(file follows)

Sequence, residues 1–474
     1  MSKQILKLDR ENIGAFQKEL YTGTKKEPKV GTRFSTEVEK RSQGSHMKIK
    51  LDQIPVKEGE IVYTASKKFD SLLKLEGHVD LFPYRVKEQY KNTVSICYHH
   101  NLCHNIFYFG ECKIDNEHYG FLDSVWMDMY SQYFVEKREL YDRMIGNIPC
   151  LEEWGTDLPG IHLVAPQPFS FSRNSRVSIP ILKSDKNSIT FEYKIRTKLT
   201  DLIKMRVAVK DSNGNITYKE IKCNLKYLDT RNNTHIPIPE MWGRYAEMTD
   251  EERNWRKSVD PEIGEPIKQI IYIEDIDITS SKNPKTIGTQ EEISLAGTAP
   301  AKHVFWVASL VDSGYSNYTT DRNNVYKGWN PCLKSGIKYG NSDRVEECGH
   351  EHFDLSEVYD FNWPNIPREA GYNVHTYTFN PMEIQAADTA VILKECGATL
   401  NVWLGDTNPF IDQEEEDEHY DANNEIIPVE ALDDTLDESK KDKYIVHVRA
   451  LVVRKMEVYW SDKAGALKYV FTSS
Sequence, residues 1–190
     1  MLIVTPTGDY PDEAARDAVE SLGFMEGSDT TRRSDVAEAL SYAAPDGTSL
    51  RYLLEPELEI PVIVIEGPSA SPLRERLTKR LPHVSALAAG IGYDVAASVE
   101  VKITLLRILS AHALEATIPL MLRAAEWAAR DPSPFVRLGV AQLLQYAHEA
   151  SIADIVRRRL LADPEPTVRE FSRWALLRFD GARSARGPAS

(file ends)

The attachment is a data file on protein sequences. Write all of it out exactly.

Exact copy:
Sequence, residues 1–474
     1  MSKQILKLDR ENIGAFQKEL YTGTKKEPKV GTRFSTEVEK RSQGSHMKIK
    51  LDQIPVKEGE IVYTASKKFD SLLKLEGHVD LFPYRVKEQY KNTVSICYHH
   101  NLCHNIFYFG ECKIDNEHYG FLDSVWMDMY SQYFVEKREL YDRMIGNIPC
   151  LEEWGTDLPG IHLVAPQPFS FSRNSRVSIP ILKSDKNSIT FEYKIRTKLT
   201  DLIKMRVAVK DSNGNITYKE IKCNLKYLDT RNNTHIPIPE MWGRYAEMTD
   251  EERNWRKSVD PEIGEPIKQI IYIEDIDITS SKNPKTIGTQ EEISLAGTAP
   301  AKHVFWVASL VDSGYSNYTT DRNNVYKGWN PCLKSGIKYG NSDRVEECGH
   351  EHFDLSEVYD FNWPNIPREA GYNVHTYTFN PMEIQAADTA VILKECGATL
   401  NVWLGDTNPF IDQEEEDEHY DANNEIIPVE ALDDTLDESK KDKYIVHVRA
   451  LVVRKMEVYW SDKAGALKYV FTSS
Sequence, residues 1–190
     1  MLIVTPTGDY PDEAARDAVE SLGFMEGSDT TRRSDVAEAL SYAAPDGTSL
    51  RYLLEPELEI PVIVIEGPSA SPLRERLTKR LPHVSALAAG IGYDVAASVE
   101  VKITLLRILS AHALEATIPL MLRAAEWAAR DPSPFVRLGV AQLLQYAHEA
   151  SIADIVRRRL LADPEPTVRE FSRWALLRFD GARSARGPAS